Climate change and bigger carbon dioxide levels to blame
Several serious turbulence incidents have hit airlines in recent days, and climate experts say we can expect more “clear air turbulence” in the future.
A United Airlines flight coming in to land at Billings, Montana, was shaken by sudden turbulence, injuring two passengers and three flight attendants. A mother lost hold of her baby but it landed unharmed on another seat.
Shortly afterwards, a Cathay Pacific flight from San Francisco became a rollercoaster ride above Japan, hospitalising eight passengers and crew.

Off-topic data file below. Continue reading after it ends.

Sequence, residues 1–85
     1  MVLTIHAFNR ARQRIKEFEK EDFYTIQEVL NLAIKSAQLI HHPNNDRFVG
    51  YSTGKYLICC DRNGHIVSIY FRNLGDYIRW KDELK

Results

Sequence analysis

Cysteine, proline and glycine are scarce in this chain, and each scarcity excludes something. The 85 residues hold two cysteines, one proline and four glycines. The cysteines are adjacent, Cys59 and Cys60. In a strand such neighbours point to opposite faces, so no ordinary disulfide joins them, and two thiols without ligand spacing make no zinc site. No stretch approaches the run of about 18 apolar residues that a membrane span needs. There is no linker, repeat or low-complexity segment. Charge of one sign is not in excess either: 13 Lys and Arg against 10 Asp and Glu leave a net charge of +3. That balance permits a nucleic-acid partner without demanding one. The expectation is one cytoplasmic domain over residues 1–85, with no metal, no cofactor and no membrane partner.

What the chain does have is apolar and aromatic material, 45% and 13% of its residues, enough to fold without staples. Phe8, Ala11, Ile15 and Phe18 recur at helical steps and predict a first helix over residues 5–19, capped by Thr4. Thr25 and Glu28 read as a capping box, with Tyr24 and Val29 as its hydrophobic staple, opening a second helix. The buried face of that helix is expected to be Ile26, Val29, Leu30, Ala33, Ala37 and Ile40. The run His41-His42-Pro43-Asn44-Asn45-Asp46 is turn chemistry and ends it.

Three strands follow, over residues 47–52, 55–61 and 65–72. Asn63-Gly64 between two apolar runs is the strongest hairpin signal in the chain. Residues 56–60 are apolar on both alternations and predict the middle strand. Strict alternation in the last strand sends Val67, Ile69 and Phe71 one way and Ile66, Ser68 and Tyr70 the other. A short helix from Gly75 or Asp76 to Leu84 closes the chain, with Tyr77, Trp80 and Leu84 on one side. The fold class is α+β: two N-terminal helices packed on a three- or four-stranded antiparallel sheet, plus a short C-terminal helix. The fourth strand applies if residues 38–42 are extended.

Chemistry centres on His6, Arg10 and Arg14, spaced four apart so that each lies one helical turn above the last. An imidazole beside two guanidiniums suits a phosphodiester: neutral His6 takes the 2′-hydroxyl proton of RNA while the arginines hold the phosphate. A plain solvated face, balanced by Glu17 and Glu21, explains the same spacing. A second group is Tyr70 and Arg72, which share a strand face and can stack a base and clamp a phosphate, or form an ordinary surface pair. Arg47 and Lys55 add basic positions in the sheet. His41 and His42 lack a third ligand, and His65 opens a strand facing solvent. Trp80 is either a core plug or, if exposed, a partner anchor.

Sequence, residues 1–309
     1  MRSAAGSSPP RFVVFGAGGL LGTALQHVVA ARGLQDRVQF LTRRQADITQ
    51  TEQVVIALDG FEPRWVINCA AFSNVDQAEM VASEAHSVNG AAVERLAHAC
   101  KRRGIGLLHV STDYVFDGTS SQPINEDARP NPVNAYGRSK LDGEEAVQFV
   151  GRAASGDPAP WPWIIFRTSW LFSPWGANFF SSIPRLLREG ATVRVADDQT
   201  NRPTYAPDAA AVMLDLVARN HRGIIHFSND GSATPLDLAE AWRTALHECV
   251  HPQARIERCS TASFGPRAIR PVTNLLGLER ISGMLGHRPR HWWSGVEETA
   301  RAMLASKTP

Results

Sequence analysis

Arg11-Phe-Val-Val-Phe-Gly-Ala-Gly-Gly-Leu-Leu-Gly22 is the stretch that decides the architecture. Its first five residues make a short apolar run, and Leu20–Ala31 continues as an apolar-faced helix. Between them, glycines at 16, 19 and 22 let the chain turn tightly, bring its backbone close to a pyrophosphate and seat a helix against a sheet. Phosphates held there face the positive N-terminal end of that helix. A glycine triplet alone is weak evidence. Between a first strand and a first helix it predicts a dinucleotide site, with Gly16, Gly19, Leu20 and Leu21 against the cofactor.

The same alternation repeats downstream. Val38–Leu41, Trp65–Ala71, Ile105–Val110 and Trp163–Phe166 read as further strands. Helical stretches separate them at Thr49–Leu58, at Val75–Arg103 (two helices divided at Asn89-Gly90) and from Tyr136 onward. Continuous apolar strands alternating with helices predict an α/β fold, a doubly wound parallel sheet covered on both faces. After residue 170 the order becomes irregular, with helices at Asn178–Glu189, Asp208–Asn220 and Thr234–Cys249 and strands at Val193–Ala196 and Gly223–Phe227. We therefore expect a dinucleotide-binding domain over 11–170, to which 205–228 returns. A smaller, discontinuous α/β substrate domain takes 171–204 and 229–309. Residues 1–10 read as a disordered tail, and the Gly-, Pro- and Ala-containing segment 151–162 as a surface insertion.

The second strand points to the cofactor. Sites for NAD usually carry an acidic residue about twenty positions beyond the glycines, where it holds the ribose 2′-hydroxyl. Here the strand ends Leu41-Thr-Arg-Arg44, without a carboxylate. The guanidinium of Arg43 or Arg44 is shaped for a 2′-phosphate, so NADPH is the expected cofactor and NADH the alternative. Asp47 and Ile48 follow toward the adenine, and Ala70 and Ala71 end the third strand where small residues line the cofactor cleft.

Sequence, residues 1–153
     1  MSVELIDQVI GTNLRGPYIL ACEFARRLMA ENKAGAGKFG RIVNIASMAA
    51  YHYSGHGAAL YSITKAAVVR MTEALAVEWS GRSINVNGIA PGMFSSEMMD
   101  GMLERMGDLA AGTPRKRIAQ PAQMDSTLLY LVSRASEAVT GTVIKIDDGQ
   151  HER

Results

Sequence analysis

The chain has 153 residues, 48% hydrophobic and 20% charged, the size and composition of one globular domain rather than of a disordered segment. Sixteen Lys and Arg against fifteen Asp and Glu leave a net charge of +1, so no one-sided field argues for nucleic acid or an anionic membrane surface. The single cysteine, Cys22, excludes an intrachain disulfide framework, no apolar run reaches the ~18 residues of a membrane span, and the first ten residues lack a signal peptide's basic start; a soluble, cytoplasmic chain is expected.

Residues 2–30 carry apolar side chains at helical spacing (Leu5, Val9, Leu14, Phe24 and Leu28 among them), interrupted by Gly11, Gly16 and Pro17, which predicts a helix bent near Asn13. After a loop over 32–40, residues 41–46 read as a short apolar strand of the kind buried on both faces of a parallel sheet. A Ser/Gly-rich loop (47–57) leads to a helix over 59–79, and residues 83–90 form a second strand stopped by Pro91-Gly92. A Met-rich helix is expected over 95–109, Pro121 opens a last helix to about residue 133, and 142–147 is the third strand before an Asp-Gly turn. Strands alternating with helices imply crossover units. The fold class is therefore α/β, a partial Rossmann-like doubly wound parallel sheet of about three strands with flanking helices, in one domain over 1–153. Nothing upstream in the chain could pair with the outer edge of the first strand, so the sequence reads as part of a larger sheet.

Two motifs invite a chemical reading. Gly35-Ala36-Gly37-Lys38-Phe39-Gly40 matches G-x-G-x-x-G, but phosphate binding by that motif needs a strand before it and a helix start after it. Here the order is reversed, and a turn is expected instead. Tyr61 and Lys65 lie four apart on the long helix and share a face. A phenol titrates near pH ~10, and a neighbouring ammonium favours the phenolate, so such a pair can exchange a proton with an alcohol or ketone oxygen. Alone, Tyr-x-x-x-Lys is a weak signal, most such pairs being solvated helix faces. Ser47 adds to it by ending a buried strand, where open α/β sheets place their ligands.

The kind of turbulence that strikes suddenly, when seatbelt signs are off, tends to be “clear air turbulence” where there are no clouds.
One of the main causes is the fast currents of air above the Earth called jet streams, which produce turbulence at the edges. They are aggravated by weather, especially in winter. Radar and acoustic sensors cannot detect clear air turbulence.
Computer models predict that climate change and greater carbon dioxide levels will speed up the jet streams, leading to more and more serious episodes by 2050 – a doubling of the frequency and a 10% to 40% increase in strength, according to the department of meteorology at the University of Reading in the UK.
[pictured: Clouds along a jet stream over Canada; image courtesy NASA]